Tuesday, April 18, 2006

Vegan Myth Busting

Progressive Bloggers has had an open thread this weekend on the Seal Hunt debate. One of the contributors Mark Francis has been defending veganism, the dietary ideology behind many of the hunt opponents.

As I remarked in my previous post meat eating, hunting and fishing, and later animal husbandry were essential for human evolution. However Mark in a post asserts that Vegans produce less greenhouse gases in their consupmtion of fruit and vegitables;

Of course, there's problems with animal husbandry: vegan diets are much better for the earth: 'Vegans produce 1.5 tons less greenhouse gas emissions per year'

The study failed to consider the high cost and petrochemical basis of fertilizers, soil destruction, labour intensive farming for vegitables and fruits, DDT and pesticide/herbicide use, gas comsuption by combines and other farm equipement and their emissions, etc. And they failed to consider the large scale use of water, irrigation in California for instance, and the electricity and energy associated with it.

When we do green assessments of production, all input variables have to be taken into consideration which was not done in this case.

They compared apples and oranges, pardon the pun. In criticizing the waste from massive single animal factory farms, such as the massive swine farms, they failed to compare it with the average single crop vegitable or fruit farm. And they failed to compare it to the large scale vegitable crop production in the US, such as cotton, peanuts, soy, etc. which are subsidized, and are used for oil seed production not food. They also failed to consider the input and output costs of GMO, genetically modified, crops.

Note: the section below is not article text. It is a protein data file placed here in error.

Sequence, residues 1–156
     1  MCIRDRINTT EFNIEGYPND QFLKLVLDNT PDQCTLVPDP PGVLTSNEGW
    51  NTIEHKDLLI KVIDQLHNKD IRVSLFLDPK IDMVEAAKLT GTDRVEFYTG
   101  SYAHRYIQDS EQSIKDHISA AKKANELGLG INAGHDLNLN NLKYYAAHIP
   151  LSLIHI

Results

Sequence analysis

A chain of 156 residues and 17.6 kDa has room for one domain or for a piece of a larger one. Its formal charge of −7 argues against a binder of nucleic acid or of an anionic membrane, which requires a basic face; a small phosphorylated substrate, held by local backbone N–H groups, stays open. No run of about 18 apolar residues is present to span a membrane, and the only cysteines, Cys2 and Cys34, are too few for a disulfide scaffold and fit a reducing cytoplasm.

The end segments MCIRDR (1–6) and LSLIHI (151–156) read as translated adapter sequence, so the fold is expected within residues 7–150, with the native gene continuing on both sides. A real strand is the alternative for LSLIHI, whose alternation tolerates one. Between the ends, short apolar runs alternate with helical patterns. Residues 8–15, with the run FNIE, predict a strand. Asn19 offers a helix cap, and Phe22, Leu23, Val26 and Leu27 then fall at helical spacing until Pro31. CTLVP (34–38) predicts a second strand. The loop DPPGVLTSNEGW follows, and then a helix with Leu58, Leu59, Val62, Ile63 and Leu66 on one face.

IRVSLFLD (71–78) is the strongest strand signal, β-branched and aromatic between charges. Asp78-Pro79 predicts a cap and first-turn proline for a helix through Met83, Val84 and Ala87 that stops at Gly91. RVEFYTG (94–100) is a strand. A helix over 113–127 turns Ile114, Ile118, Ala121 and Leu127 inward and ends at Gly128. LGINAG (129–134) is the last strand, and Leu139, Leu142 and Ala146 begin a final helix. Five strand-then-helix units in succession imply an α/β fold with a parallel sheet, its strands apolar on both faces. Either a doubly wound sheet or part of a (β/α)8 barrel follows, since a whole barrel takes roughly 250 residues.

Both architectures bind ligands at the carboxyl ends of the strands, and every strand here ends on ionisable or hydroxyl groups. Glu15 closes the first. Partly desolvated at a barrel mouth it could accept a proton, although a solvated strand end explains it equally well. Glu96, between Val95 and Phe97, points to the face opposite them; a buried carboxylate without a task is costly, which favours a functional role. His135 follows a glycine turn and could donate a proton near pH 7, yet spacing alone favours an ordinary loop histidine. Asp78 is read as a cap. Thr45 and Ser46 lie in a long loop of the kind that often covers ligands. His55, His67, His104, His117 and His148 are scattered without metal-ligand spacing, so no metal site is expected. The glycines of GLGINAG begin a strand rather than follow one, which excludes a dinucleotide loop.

True industrial farming of single animal species is problematic, espicially swine. However so is single crop production of seed products for oil or sugar beets , as the deterioration of soil conditions in Southern Alberta show's.

So when folks talk about food production as if one form of industrial production is better than another, they are frankly pissing in the wind. All industrial based farming is energy intensive, and produces waste, whether in secondary and tertiary production and transportation. To look at these costs would be to look at the real green costs of capitalist food production.

The key to the regeneration of farming is green input output organic small scale farming, not the industrial model. Regardless of crops or animals raised. And that farming has to be based on an understanding of the ecology and ecological impacts it has.

Also See:
The Truth About the Farm Crisis

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RP. said...

Huh, I was expecting your usual hate for vegans and vegetarians, but that's a pretty good analysis.

eugene plawiuk said...

Ironically I eat my fresh fruit and veggies and have a well balanced diet, being the omnivore that I am. I just have no time for food faddists and dietary moralists. Thanks for the compliment.

Adam Weissman said...

This analysis is fatally flawed, in that it ignores the double whammy of the impact of feedcrop production coupled with the impact of industrial farming of animals. Considering the inefficiency of animals as grain converters, vastly more inputs are going into raising animals than raising plants for food.

It is VERY true, though that many vegans have blinders about the destructive impacts of industrial plant agriculture.

What we need is a shift towards learning to engage in foraging the wild plants, coupled with urban greening-- rooftop gardens, etc- with a focus on veganic (http://en.wikipedia.org/wiki/Vegan_organic_gardening) and permaculture agricultural principles.

In the short term, "dumpster diving" or "urban foraging" are ethical responses to the vast waste and resource overconsumption of industrial capitalism. While this is no long-term solution, it has the benefit of freeing people from the pressure to engage in wage slaver in order to eat, makes corporations lose potential profits, and provides a resource that can be used to build gift economies and networks of mutual aid. (Given the ecological impact and unmet need this massive waste represents (approx 50% of food here in in the US), one could also argue that the reformist strategies of legislation and corporate boycotts and pressure campaigns also have a place in offsetting this particular crisis.)